Apart from the localities close to hospital, strays near eateries, offices and shopping complexes are affected as well (Photo: Sunil Ghosh/HT)
Apart from the localities close to hospital, strays near eateries, offices and shopping complexes are affected as well (Photo: Sunil Ghosh/HT)

City folks join hands to feed strays amid Covid lockdown

While some good Samaritans in the city are lending a helping hand and delivering meals to Covid-hit families, others are ensuring that stray animals remain well-fed during the lockdown
By Sanchita Kalra
UPDATED ON MAY 14, 2021 04:21 PM IST

It’s not only strangers on the Internet lending a helping hand and delivering meals to Covid-hit families but a few good Samaritans in the city are also ensuring stray dogs remain well-fed during the lockdown. With the thought that being compassionate to animals is just as important to being kind to their own pets, city folks are going the extra mile — juggling between work schedules and volunteer work during Covid-19 times to feed and take care of the strays.

“Ever since we started the service of providing no-cost meals to Covid-19 patients, my inbox has been full of food requests for strays, especially around Greater Kailash 1, CR Park and Safdarjung Enclave. These areas are near hospitals and people are afraid to step out and feed,” says Majid Khan, a resident of Zakir Nagar.

Apart from the localities close to hospital, strays near eateries, offices and shopping complexes are most affected as well. A pet parent to two dogs, and a volunteer Parul Taneja from Faridabad says, “The restaurants and markets were shut suddenly, the strays that used to rely on leftover or waste are now either starving or scavenging for food.”

Feeders need to be careful about the human-animal conflict and create a safe environment not only for the strays but also folks living nearby. Taneja adds, “Some people who are new to feeding place the food bowls anywhere but it’s advisable to feed them in the particular spots as also recommended recently by Delhi High Court.” Another animal lover, Anuradha Dogra from Animal Hospital and Shelter, NOIDA also highlights that the strays can be territorial of their space. She says, “There can be three packs at one place. Feed them in their designated territory, else it will end up in a clash.”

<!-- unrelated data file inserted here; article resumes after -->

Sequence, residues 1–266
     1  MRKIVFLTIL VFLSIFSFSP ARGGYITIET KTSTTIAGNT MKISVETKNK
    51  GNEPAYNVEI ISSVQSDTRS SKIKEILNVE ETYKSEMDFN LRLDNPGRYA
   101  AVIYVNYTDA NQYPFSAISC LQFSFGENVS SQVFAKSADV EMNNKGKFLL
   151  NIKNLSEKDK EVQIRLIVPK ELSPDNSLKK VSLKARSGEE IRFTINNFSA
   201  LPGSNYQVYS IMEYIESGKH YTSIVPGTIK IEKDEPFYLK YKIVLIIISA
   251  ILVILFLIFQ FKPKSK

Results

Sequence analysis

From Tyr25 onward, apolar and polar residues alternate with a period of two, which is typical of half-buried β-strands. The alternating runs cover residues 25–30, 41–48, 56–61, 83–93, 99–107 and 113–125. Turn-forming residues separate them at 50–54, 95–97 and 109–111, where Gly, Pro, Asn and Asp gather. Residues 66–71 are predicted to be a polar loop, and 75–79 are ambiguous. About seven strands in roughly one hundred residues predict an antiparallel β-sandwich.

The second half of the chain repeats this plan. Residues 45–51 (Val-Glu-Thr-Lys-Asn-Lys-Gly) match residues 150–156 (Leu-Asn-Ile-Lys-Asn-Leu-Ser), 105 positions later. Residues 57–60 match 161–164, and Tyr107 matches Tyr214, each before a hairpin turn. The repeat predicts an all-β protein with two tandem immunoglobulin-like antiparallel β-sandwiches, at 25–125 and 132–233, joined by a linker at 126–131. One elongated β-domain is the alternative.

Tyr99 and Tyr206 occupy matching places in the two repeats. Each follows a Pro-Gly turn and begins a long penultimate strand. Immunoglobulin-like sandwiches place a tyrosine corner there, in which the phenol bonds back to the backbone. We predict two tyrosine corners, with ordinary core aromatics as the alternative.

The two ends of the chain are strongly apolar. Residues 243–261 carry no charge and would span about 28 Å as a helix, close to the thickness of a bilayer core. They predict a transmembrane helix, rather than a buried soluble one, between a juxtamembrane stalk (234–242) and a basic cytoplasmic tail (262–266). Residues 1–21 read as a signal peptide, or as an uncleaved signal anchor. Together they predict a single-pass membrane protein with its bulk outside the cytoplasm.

City individuals were further motivated to step up their initiatives with the news of Odisha chief minister Naveen Patnaik sanctioning 60lakh to feed stray animals during the lockdown, a police officer, Chiranjeev Sinha, being conferred the People for the Ethical Treatment of Animals (PETA) India Award for feeding stray dogs, monkeys and cows during the lockdown, and a video of Subramaniyan Potty S, another police officer, feeding street dogs even during a busy day at work.

Dr Vivek Arora, a veterinary surgeon, says one needs to consider the weather before preparing meals for the strays. He suggest, “The next few months are going to be hot, and food should not go stale before the animals eat it. Paneer and curd are better substitute as they take longer to go bad. But if larger groups are to be fed or the strays are far away from the residential complex – buy animal food in bulk from manufacturers as they also have a longer shelf life.”

He also advises feeding cucumbers, carrots and frozen watermelon slices that high in water content to bear the scorching heat. Dr Arora also recommends an inexpensive way to help dogs cool down during summer months. He says, “There can be possibilities of heat stroke and non-availability of water, so one can put cloth or jute bags sprinkled with water to provide some comfort.”

Dogra also advises placing earthen bowls filled with water and mentions that feeding time should be either early morning or during sunset as the animals stay hidden or burrowed when the temperature peaks.

Experts also suggest volunteers to fix a schedule to be able to feed maximum number of dogs and share the responsibility so that not one individual needs to step out during lockdown.

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